|Two Eurasian Pies (Pica pica) outside The Prado, Madrid|
When I was researching my last amateur etymology piece (
The word pie in the English language was first used to refer to the bird, starting around the mid-13th century. It's believed that it was around a century later that pie, the delicious pastry which was originally filled with a variety of mixed or minced meats, took its name from the way Magpies are known for collecting random objects to decorate their nests. Our third usage of pie arose about two hundred years later and appears to have been used mainly in the old printing days; after a printing job, the printer’s blocks would be all mixed up or pied before being sorted into their proper boxes. And when you go back to the Latin word for Magpie, Pica, you are easily brought back to the world of typesetting with pica as a modern typographic unit of measure, although this seems to be coincidental here.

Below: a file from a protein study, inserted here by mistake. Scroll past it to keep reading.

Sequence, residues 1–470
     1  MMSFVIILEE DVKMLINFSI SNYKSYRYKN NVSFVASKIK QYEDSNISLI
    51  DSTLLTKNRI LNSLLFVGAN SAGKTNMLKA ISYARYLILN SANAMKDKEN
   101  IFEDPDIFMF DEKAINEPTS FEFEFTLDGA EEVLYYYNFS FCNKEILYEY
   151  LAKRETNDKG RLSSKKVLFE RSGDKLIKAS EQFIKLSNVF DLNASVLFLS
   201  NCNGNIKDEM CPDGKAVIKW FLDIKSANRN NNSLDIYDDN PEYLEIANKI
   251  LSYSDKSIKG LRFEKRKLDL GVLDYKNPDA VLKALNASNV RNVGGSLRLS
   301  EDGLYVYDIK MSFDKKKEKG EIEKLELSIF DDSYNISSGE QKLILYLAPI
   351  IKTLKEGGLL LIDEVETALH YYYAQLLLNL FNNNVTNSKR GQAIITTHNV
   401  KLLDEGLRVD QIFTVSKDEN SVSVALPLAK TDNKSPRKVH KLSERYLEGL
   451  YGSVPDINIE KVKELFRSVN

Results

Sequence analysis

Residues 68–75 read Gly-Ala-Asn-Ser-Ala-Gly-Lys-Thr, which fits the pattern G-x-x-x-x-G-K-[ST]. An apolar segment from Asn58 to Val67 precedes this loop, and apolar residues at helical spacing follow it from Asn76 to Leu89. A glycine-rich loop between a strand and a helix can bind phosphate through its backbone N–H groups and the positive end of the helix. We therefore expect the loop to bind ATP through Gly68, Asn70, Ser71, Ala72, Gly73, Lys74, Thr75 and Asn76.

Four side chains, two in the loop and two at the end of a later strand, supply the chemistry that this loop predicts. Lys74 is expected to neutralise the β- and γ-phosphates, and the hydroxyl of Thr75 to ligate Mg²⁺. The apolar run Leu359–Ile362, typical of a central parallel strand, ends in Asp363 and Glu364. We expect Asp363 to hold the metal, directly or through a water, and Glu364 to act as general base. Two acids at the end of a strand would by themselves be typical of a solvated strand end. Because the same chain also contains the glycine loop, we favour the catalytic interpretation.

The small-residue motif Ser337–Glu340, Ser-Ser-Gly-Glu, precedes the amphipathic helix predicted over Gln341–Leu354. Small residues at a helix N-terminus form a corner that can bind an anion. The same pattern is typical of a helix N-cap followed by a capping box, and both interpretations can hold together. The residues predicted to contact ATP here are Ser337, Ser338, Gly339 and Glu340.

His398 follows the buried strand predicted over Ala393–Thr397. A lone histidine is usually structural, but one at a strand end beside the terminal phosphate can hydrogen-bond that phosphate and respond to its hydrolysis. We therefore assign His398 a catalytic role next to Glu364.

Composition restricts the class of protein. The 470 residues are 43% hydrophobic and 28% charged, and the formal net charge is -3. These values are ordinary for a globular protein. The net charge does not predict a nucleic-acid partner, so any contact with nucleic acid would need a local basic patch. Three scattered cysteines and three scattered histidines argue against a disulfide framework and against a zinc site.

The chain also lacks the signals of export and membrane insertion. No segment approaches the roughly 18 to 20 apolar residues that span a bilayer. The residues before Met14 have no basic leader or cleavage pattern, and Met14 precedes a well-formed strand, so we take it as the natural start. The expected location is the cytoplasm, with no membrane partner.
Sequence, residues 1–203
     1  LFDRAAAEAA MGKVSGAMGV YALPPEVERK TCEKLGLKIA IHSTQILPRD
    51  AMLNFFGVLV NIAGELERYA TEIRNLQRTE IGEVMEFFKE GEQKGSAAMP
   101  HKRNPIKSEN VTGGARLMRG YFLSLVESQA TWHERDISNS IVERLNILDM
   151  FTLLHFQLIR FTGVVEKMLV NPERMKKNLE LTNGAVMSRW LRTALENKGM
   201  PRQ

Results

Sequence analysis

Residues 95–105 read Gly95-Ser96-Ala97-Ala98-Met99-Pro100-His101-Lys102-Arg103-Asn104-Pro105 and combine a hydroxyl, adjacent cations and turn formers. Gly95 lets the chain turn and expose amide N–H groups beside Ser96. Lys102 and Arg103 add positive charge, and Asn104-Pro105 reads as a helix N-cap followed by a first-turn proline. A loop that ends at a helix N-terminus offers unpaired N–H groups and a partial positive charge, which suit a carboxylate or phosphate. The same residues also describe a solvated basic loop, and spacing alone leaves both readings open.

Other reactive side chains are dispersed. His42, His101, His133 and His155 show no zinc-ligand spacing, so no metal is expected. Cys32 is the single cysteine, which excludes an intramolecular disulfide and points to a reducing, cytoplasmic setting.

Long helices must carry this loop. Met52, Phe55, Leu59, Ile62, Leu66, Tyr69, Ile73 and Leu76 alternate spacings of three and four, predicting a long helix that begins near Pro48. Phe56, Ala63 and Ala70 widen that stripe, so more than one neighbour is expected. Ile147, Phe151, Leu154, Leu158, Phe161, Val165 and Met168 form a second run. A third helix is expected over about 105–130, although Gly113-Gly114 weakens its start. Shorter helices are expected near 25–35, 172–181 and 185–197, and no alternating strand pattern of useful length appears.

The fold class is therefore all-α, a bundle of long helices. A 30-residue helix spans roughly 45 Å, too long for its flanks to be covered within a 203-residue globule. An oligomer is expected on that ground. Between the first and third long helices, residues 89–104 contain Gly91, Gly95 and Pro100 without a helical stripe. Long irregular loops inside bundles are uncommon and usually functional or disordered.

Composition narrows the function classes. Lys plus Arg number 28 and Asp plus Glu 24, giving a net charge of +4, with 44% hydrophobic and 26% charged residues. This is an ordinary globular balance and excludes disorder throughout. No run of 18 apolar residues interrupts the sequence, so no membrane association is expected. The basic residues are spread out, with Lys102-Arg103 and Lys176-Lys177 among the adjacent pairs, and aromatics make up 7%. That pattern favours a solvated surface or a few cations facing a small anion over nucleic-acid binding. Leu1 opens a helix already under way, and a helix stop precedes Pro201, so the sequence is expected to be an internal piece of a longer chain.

So our beloved apple and pumpkin pies (fruit was introduced as a pie filling around the beginning of the 17th century), not to mention rhubarb and blueberry, may all have been named after a bird. I even read somewhere, thought it's a little far-fetched for me, that the blackbirds from the classic nursery rhyme Sing a Song of Sixpence, are an allusion to the humble magpie.
Sing a song of sixpence,
A pocket full of rye,
Four and twenty blackbirds
Baked in a pie.
When the pie was opened
The birds began to sing
Wasn't that a dainty dish
To set before the king?